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descriptionTen Basic Checkmates to Know EmptyTen Basic Checkmates to Know

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One of the best ways to improve your chess is by learning common patterns that show up time and again in games. By building this pattern recognition, you'll start to see more possibilities in your games, by recognizing simple patterns in more complicated positions.

This article looks at basic checkmates -- the kind every chess player has to recognize on the board in order to finish off a win. These basic checkmates will all be presented as mate-in-one problems; if you like, you can try to find the checkmate in each diagram first, and then read the explanation and answer below to see if you were right.

Our first example uses a queen and rook together to deliver a checkmate. However, this same pattern can be accomplished with any two major pieces.

A lone king against the edge of the board is easily checkmated by any two major pieces. While one piece prevents the king from moving away from the edge, the other can move to the same rank or file as the king to deliver checkmate.

In the example above, the White rook is patrolling the seventh rank, preventing the Black king from moving off of the eighth rank. Since the rook is already doing a good job of keeping the king hemmed in, it can stay where it is. Instead, making the move Qa8++ finishes the game, as the queen and rook combine to take away every square the king might flee to.

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The back rank checkmate may not look much like our first example, but the pattern is very similar. While we will still be using a major piece to deliver checkmate on the edge of the board, this time the king's own pawns prevent him from escaping from our attack.
The diagram above is a typical example of back rank mate. White's king is trapped behind his own pawns, and is therefore stuck on the first rank. Black can deliver checkmate by playing Rc1++.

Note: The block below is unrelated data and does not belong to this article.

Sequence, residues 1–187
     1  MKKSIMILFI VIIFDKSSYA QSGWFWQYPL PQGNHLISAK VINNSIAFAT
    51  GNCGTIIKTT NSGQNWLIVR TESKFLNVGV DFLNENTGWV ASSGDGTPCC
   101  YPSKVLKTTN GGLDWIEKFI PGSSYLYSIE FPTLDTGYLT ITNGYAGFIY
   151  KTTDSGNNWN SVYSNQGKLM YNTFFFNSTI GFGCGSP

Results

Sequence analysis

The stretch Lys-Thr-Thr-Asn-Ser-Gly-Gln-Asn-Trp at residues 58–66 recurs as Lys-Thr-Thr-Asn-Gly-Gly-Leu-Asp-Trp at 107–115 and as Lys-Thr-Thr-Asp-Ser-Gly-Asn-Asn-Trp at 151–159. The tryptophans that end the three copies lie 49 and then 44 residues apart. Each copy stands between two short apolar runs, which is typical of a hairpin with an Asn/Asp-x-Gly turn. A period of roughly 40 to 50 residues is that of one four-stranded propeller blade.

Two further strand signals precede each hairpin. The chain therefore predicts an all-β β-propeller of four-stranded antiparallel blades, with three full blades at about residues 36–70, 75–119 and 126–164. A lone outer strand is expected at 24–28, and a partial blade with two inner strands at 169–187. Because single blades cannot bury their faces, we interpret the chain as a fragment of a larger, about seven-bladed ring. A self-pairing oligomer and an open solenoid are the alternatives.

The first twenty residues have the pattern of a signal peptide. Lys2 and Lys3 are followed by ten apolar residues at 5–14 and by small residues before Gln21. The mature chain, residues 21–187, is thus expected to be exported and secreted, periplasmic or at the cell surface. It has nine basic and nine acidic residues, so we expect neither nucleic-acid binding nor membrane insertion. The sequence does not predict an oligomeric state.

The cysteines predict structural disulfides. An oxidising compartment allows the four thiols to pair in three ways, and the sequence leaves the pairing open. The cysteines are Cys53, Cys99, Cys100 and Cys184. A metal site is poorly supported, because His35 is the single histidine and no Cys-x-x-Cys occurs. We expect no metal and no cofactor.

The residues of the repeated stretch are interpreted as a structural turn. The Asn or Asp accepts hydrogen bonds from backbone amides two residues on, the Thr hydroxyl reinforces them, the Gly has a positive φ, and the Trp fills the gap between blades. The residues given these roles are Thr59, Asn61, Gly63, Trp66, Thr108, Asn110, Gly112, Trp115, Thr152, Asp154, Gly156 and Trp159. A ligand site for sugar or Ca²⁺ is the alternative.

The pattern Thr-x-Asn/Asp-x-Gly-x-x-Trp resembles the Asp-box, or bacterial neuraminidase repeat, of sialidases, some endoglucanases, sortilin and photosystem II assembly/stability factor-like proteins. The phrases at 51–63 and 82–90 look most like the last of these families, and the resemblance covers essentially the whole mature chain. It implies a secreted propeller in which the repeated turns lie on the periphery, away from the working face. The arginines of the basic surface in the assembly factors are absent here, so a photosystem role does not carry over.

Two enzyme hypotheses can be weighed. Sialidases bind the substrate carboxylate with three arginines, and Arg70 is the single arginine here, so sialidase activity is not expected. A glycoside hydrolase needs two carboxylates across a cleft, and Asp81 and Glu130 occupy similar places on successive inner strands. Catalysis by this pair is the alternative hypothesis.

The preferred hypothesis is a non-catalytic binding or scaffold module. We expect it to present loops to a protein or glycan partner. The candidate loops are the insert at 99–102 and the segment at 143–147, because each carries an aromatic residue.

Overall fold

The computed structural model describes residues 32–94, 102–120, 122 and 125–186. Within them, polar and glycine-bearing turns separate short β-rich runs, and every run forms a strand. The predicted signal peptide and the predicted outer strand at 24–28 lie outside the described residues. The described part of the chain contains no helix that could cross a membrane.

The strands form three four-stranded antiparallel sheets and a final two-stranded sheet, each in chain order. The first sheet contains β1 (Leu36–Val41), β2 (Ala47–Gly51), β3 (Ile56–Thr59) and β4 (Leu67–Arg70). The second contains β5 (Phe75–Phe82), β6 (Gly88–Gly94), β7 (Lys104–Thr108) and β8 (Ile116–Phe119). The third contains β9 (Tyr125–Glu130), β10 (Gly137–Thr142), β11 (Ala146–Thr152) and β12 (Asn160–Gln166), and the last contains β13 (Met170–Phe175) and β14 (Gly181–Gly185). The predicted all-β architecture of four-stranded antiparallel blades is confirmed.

Back rank mates are easy to see, but in most cases they are also easy to prevent. In general, they occur only when a king has castled, there are too few defenders on the back rank, and the pawns in front of the castled king have not been moved.

There are several ways to avoid being the victim of a back rank mate. Keeping sufficient defense on your back rank will prevent any enemy pieces from safely attacking your king. In addition, if you are worried about a back rank mate threat, you can always move one of the pawns to give your king an escape square. For instance, if it were White's move in the diagram above, playing h3 would prevent the checkmate, as the king could now move to h2 if Black played Rc1+ on the next move.

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The queen is a powerful attacking piece, but it usually needs some help to deliver checkmate. Many basic checkmates use the queen to deliver the checkmate, supported by a minor piece.

The diagram above shows a queen and a knight working together to checkmate a king. White can finish the job by playing Qe7++.

Although this example is simplified, it illustrates an important checkmate pattern that can be utilized with the queen along with a supporting piece. Against a king stuck along one of the board's edges, a queen -- supported by another piece -- placed directly in front of that king will always deliver checkmate, provided it cannot be captured by a piece other than the king.

This pattern works because the queen takes away every square the king might flee to. For example, in the diagram above, a White queen on e7 attacks d8, e8, f8, d7 and f7, meaning the Black king has nowhere to run. There are no squares between the queen and the king, so there is no chance to block the check. The queen is supported by a knight, meaning the king cannot capture the queen. Black has no other pieces that can capture the queen either; with no way to avoid capture, Black's king is checkmated.

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